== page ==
Universalis
Tuesday 17 July 2018    (other days)
Tuesday of week 15 in Ordinary Time 

Office of Readings

If this is the first Hour that you are reciting today, you should precede it with the Invitatory Psalm.


INTRODUCTION
O God, come to our aid.
  O Lord, make haste to help us.
Glory be to the Father and to the Son
  and to the Holy Spirit,
as it was in the beginning,
  is now, and ever shall be,
  world without end.
Amen. Alleluia.

Hymn
Worship, glory, praise and honour
To our God, high-throned above:
We, with many generations
Join to praise thy name of love.
In the scriptures, by the Spirit,
May we see the Saviour’s face,
Hear his word and heed his calling,
Know his will and grow in grace.

Psalm 67 (68)
The Lord's triumphal journey
Let God arise, let those who hate him flee before him.
God arises and his enemies are scattered:
  those who hate him flee from his sight.
You blow them away like wisps of smoke;
  as wax melts in front of a fire,
  so the wicked melt away before God.
The righteous are glad and exult in God’s sight;
  they rejoice in their gladness.
Sing to the Lord and celebrate his name!
Make a road for him who rides upon the clouds –
  “The Lord” is his name.
Rejoice in his sight,
  the father of orphans, defender of widows,
  God in his holy dwelling-place,
God, who gives the lonely a house to dwell in,
  God, who leads captives out into prosperity;
  but the rebellious shall live in a desert land.
God, when you set out in the sight of your people,
  when you crossed the wilderness – the earth shook.
The heavens sent down dew at your coming –
  the God of Sinai, the God of Israel.
At your bidding the rains came, O God,
  your inheritance was worn out but you refreshed it.
All your creatures took up residence there,
  in your goodness you made a place for the needy.
Glory be to the Father and to the Son
  and to the Holy Spirit,
as it was in the beginning,
  is now, and ever shall be,
  world without end.
Amen.
Let God arise, let those who hate him flee before him.

Psalm 67 (68)
This God of ours is a God who saves. The Lord holds the keys of death.
The Lord gives out the word,
  and a great army of maidens brings the news:
“The kings of the armies are fleeing, they are fleeing,
  and the fair one at home is dividing the spoils.
While you sleep among the sheepfolds,
  the wings of the dove shine with silver,
  her feathers glow with green gold.
Through her the Almighty scatters the kings,
  and the mountain of Zalmon is white with snow.”
The mountain of Bashan is God’s mountain;
  the mountain of God is a high-peaked mountain.
Why do you envy it, you high-peaked mountains,
  envy the mountain that God has chosen?
  The Lord will dwell there for ever.
The chariots of God are ten thousand thousand:
  the Lord has come from Sinai to his holy sanctuary.
You have scaled the heights, you have taken captives,
  you have received men as gifts
  so that even the rebels live with the Lord God.
Blessings on the Lord, day after day!
  God will carry us, God our saviour.
Our God is a God of salvation,
  our Lord is a Lord who rescues from death.
Truly God will break the heads of his enemies,
  take the scalps of those who tread the path of crime.
The Lord has spoken:
  “I shall bring them back from Bashan,
  I shall bring them back from the depths of the sea,
so that your feet may be dipped in blood
  and the tongues of your dogs receive food from your enemies.”
Glory be to the Father and to the Son
  and to the Holy Spirit,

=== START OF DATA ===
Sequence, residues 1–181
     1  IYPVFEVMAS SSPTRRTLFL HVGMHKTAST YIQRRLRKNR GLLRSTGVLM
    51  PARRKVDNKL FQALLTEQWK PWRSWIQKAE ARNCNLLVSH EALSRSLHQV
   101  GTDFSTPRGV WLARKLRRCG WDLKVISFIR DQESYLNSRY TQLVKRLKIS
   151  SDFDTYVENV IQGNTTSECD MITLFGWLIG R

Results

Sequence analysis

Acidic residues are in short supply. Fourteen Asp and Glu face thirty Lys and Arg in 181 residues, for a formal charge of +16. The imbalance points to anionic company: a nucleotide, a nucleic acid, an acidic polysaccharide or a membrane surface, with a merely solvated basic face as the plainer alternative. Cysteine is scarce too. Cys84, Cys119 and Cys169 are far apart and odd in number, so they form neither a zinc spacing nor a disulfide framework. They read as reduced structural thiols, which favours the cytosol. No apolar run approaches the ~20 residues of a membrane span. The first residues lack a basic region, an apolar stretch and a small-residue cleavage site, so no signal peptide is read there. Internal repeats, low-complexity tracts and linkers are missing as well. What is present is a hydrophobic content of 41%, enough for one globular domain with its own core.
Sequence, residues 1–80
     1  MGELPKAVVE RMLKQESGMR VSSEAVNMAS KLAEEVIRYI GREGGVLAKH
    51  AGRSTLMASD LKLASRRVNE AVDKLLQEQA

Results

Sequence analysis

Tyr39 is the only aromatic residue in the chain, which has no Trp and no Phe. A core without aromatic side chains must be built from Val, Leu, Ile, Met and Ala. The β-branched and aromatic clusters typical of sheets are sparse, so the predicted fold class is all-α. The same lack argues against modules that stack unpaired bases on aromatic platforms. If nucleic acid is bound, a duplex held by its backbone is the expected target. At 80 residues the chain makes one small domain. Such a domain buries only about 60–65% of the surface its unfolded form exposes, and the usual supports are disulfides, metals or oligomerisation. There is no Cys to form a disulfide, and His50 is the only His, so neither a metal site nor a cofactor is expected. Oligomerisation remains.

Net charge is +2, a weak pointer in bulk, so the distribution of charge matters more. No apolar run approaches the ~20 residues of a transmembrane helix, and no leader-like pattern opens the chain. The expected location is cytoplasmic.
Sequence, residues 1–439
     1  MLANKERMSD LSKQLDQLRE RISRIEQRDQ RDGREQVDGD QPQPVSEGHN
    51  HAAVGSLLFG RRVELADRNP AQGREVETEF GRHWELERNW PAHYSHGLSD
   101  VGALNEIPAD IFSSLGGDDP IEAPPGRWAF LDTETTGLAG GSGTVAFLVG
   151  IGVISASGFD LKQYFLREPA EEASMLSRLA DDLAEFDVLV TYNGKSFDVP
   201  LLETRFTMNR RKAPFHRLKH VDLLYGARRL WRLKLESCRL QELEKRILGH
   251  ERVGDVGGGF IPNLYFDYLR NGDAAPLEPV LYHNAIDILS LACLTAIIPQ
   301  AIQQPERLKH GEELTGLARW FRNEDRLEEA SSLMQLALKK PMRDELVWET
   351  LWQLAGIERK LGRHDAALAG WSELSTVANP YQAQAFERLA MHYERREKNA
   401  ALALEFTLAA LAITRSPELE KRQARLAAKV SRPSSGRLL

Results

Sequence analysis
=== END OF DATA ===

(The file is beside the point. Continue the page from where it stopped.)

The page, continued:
as it was in the beginning,
  is now, and ever shall be,
  world without end.
Amen.
This God of ours is a God who saves. The Lord holds the keys of death.

Psalm 67 (68)
Kingdoms of the earth, sing to God, praise the Lord.
They have seen your processions, O God,
  the processions of God, my king, to his sanctuary.
First came the singers, last the musicians,
  between them the maidens playing their drums.
“Bless God in the assemblies:
  bless the Lord, you who spring from Israel!”
There was young Benjamin, leading them,
  the princes of Judah in their rich robes,
  the princes of Zebulun, the princes of Naphtali.
O God, command in your strength;
  make firm what you have achieved in us.
From your temple in Jerusalem,
  kings shall bring you tribute.
Rebuke the wild beast of the reeds,
  the herd of bulls, the lords of peoples.
  Let them lie prostrate before you with tribute of silver.
Scatter the peoples that delight in war.
  Nobles will come from Egypt,
  Ethiopia will stretch out its hands to God.
Kingdoms of the earth, sing to God;
  celebrate the Lord.
Sing to God who rides on the highest heavens,
  at the origin of all things.
Listen! – he speaks, a voice of power.
Acknowledge the strength of the Lord:
  his majesty is over Israel,
  his strength is in the clouds.
God inspires awe in his holy place;
  he, the God of Israel, gives power to his people;
  he gives them strength.
Blessed be God!
Glory be to the Father and to the Son
  and to the Holy Spirit,
as it was in the beginning,
  is now, and ever shall be,
  world without end.
Amen.
Kingdoms of the earth, sing to God, praise the Lord.

I will hear whatever the Lord God has to say:
words of peace for his people.

First Reading
1 Kings 19:1-9,11-21 ©
The Lord reveals himself to Elijah
When Ahab told Jezebel all that Elijah had done, and how he had put all the prophets to the sword, Jezebel sent a messenger to Elijah to say, ‘May the gods do this to me and more, if by this time tomorrow I have not made your life like the life of one of them!’ He was afraid and fled for his life. He came to Beersheba, a town of Judah, where he left his servant. He himself went on into the wilderness, a day’s journey, and sitting under a furze bush wished he were dead. ‘O Lord,’ he said ‘I have had enough. Take my life; I am no better than my ancestors.’ Then he lay down and went to sleep. But an angel touched him and said, ‘Get up and eat.’ He looked round, and there at his head was a scone baked on hot stones, and a jar of water. He ate and drank and then lay down again. But the angel of the Lord came back a second time and touched him and said, ‘Get up and eat, or the journey will be too long for you.’ So he got up and ate and drank, and strengthened by that food he walked for forty days and forty nights until he reached Horeb, the mountain of God.